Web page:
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During World War 2 we faced national extinction. Even then we didn't torture; Churchill vetoed it. It is possible to interrogate effectively without fingernail-yanking, we know because we did it throughout the war, when many lives were routinely at stake. However, torture is effective, if the torturers do enough of it to be skilled. The comforting liberal idea that torture somehow doesn't work would have caused great amusement to the SS-Gestapo for example. Bottom line is that this is a moral question and Churchill had it right. So does Hague..
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Jill, you may have noticed that the EU is in the process of imploding. While I agree that the repatriation of powers is a good thing, actually a great thing, at the moment I am unsure what the shape of the thing we get the powers back from will be. I don't think you know either. David Cameron's priority in the short term must be to prevent a collapse of the euro currency. This is not because of any love for the thing, which has played out more or less exactly as predicted by the bulk of the Conservative Party. It is simply because we don't want our people to suffer through a European financial meltdown because of the effect on jobs and exports right here. The best solution is for the ECB to become the lender of last resort for the euro, which is what the British government is calling for. Unfortunately, the Germans appear to be balking at that, apparently preferring to remake the eurozone instead of providing a central bank to stand behind a currency, which is how every other one on the planet actually works. So, either the Franco-German axis ditches the Southern EU countries from the euro, or they promote the ECB. In either case the EU is profoundly changed. Then we can talk about getting our fisheries and employment powers back.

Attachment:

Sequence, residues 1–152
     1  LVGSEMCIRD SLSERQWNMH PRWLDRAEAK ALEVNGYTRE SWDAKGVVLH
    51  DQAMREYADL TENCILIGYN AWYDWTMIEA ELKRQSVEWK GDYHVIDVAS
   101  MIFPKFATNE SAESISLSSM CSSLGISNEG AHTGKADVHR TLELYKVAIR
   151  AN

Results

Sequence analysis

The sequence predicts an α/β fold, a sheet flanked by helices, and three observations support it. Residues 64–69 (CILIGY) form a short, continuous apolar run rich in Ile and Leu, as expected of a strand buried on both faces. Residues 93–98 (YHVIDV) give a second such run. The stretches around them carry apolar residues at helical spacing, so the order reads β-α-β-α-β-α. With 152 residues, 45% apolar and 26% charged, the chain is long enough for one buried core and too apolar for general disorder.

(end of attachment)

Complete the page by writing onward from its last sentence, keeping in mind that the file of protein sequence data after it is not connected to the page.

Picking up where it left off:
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You clearly don't know what the word 'mug' means. Or have ever been in a punch-up in a pub for that matter.
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And some Conservative Councils never went over to biweekly collections in the first place. Here in Basildon we collect both material for recycling and residual rubbish weekly. So, we have a recycling rate of over 50% and the Borough looks and smells clean even in midsummer. That people might get used to a worse alternative is irrelevant, unless you live in Cllr. Shaw's world of course. His attitude is what you get when Councillor's forget that they are community representatives and start acting like local authority managers instead.